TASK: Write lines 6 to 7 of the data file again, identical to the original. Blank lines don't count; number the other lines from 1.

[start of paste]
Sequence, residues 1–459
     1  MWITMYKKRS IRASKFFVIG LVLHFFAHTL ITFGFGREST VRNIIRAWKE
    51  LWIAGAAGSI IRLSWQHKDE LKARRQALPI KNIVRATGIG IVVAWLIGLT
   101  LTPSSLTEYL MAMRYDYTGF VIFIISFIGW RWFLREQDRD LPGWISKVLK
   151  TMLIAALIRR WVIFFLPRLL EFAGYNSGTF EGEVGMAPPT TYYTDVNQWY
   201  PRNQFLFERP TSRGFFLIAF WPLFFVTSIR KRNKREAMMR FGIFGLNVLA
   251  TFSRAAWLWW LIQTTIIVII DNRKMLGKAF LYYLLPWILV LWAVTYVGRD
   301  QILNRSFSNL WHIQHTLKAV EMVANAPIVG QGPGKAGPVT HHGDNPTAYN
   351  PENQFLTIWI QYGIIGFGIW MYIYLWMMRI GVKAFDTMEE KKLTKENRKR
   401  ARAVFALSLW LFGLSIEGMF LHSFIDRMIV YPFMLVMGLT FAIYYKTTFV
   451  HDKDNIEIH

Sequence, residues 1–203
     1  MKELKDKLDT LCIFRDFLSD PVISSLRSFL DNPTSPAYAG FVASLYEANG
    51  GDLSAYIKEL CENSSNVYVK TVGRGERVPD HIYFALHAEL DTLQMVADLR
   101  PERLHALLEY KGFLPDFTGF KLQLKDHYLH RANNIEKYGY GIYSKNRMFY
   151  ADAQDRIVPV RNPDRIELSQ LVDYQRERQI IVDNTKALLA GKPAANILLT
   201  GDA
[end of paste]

   201  PRNQFLFERP TSRGFFLIAF WPLFFVTSIR KRNKREAMMR FGIFGLNVLA
   251  TFSRAAWLWW LIQTTIIVII DNRKMLGKAF LYYLLPWILV LWAVTYVGRD